That Championship Season (1982 film)

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That Championship Season
ThatChampionshipSeason.jpg
DVD cover for That Championship Season (1982)
Directed by Jason Miller
Produced by Menahem Golan
Yoram Globus
Written by Jason Miller
Starring Robert Mitchum
Martin Sheen
Bruce Dern
Paul Sorvino
Stacy Keach
Music by Bill Conti
Cinematography John Bailey
Edited by Richard Halsey
Distributed by Cannon Films
Release dates 1982
Running time 110 minutes
Country United States
Language English

That Championship Season is Jason Miller's 1982 film version of his 1973 Pulitzer Prize winning Broadway play of the same name. It stars Robert Mitchum, Martin Sheen, Bruce Dern, Stacy Keach and Paul Sorvino and was filmed on location in Scranton, Pennsylvania where it is set.

In 1999, Sorvino directed a new adaptation of the play for Showtime in which he played Mitchum's role as the coach. This version co-starred Vincent D'Onofrio, Gary Sinise, Tony Shalhoub and Terry Kinney.

Plot[edit]

It has been 25 years since the 1957 Fillmore High School (fictional) basketball team won the Pennsylvania state championship. The coach and four of the victors regularly gather to relive the glory of their shining moment.

As teenage teammates they could read each other's moves on the court without fail. As middle-aged men, each is facing his own different mid-life crisis. With a former coach that still addresses problems as if his boys are having a bad game, the friends' longtime loyalty to one another begins to unravel.

George Sitkowski (Bruce Dern) is mayor of Scranton and engaged in a fierce campaign for re-election. James Daley (Stacy Keach) is an overwrought and underpaid school principal while his brother, Tom (Martin Sheen), has become a drifter with a serious drinking problem. Phil Romano (Paul Sorvino) is the wealthiest among them. He often bends the law and even betrays a friend to indulge his own needs, but George badly needs his support.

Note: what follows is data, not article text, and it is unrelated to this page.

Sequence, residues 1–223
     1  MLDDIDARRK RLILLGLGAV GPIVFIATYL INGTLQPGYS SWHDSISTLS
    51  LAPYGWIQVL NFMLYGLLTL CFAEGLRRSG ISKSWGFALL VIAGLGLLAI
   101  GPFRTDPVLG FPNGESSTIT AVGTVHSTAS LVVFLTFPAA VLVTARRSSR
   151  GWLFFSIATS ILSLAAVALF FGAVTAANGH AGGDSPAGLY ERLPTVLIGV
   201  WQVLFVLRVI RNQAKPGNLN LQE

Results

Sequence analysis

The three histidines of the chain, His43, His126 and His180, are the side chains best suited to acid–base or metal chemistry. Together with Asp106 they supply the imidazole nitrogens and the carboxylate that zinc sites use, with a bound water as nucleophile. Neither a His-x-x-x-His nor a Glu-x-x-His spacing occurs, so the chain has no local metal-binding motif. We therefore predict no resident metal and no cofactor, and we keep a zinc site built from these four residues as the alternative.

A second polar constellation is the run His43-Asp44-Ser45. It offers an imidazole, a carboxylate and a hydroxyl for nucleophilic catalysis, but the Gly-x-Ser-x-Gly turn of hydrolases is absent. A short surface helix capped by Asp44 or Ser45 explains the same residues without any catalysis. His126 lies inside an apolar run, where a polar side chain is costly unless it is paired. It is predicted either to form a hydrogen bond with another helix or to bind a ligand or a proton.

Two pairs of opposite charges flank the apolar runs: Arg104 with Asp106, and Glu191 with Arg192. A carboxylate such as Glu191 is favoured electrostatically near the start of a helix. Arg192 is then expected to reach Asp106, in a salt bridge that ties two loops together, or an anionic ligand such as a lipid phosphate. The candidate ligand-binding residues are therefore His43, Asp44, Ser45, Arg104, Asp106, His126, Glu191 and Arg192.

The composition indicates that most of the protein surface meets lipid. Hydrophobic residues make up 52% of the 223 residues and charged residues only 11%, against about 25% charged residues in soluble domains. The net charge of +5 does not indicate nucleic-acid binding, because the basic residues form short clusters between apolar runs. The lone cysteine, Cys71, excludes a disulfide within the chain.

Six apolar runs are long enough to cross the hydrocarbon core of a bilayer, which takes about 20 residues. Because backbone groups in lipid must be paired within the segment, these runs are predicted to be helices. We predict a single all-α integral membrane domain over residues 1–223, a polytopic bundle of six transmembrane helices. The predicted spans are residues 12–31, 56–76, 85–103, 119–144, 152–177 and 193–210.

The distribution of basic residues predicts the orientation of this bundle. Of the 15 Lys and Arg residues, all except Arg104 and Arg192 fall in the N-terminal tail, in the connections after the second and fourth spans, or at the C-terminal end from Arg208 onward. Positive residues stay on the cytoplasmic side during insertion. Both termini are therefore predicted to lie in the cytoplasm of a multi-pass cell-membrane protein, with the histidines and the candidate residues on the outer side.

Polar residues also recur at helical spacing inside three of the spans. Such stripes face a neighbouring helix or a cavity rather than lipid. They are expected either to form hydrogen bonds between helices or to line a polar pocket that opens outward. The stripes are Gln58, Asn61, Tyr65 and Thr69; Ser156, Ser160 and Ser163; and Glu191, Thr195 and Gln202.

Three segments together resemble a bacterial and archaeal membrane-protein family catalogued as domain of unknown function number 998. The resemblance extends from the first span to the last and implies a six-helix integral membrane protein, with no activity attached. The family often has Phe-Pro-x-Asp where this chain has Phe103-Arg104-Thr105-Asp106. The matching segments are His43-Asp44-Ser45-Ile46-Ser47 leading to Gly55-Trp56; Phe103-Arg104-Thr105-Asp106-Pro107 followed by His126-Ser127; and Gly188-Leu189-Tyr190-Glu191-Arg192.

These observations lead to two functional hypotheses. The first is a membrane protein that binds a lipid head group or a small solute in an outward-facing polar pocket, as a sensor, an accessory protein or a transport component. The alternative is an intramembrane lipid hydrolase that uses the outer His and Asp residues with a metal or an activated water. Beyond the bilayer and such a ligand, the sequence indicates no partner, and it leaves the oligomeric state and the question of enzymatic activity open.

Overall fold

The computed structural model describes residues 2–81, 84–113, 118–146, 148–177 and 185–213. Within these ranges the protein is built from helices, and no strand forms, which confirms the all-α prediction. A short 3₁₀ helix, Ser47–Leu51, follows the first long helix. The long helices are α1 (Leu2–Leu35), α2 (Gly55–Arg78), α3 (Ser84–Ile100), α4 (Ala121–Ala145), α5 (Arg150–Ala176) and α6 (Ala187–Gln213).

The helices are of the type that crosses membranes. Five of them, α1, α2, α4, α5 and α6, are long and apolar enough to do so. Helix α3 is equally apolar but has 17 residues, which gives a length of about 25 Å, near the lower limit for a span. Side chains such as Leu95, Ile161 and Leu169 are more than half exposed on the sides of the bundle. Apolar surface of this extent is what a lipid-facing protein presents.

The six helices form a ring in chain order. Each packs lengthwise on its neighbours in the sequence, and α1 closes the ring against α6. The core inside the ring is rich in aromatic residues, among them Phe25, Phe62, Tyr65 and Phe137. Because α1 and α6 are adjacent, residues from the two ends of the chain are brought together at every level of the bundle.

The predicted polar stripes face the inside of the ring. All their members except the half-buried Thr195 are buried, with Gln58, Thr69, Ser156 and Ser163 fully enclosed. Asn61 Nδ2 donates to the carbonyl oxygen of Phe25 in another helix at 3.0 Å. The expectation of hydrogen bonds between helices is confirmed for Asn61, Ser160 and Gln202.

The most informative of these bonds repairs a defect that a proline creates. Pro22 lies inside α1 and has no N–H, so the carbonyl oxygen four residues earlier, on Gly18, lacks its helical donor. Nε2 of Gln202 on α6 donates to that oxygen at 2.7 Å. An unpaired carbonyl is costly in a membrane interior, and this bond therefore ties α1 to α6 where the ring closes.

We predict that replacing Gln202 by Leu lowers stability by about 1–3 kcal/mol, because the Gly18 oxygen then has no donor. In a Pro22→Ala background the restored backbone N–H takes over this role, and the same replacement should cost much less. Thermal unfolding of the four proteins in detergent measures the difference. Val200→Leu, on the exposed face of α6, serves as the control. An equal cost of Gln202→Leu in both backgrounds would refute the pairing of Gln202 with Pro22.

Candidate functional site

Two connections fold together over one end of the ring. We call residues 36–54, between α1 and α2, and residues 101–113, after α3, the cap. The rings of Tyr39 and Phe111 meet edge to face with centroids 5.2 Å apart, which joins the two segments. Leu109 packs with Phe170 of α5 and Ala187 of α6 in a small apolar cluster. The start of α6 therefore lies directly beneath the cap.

The intended celebratory nature of this reunion is quickly dissipated. Various contentions arise among the four old teammates, who quickly turn on one another. The coach's bigotry—then and now—and his selfish disregard for fair play are brought again to the surface. The absence of the team's star player, who hates the coach, serves to further spotlight the futility and hollowness of this gathering.

Cast[edit]

Production[edit]

Jason Miller's play opened off-Broadway in 1972. After critical acclaim and 144 performances, it moved to a Broadway theater for a run of 844 more performances before closing on April 21, 1974.

For years Miller attempted to bring the play to the big screen before succeeding in 1982. As writer and director, he insisted on filming the exteriors in Scranton, Pennsylvania, where the story takes place. Miller was raised and educated there and his intent was to showcase the city and its people.

The first quarter of the film does just that as the characters and situations unfold. Locations used included Nay Aug Park (featuring a political rally using the townspeople as extras), the Delaware, Lackawanna & Western Railroad headquarters, the Martz Trailways terminal, Lackawanna Avenue, the city council chambers and more.

The score by composer Bill Conti (Rocky, The Right Stuff, For Your Eyes Only) was supplemented by the West Scranton High School Band. No soundtrack was ever released.

William Friedkin was originally going to direct the movie (he had worked with Jason Miller before on The Exorcist). Before he dropped out, Friedkin offered the part of Coach Delaney to William Holden. Holden was interested but died before he could accept the part.[citation needed]

The stars and director were paid $250,000 each plus a percentage of the profits. The film did a great deal to help the reputation of the fledgling Cannon Films, who financed the movie.[1]

Awards[edit]

Bruce Dern won the Silver Bear for Best Actor at the 33rd Berlin International Film Festival.[2]

However, the film was not a hit at the box office, and it lost money.[1]

Home media[edit]

In 2004, the film was released on DVD by MGM Home Entertainment.

References[edit]

  1. ^ a b Andrew Yule, Hollywood a Go-Go: The True Story of the Cannon Film Empire, Sphere Books, 1987 p25
  2. ^ "Berlinale: 1983 Prize Winners". berlinale.de. Retrieved 2010-11-20. 

External links[edit]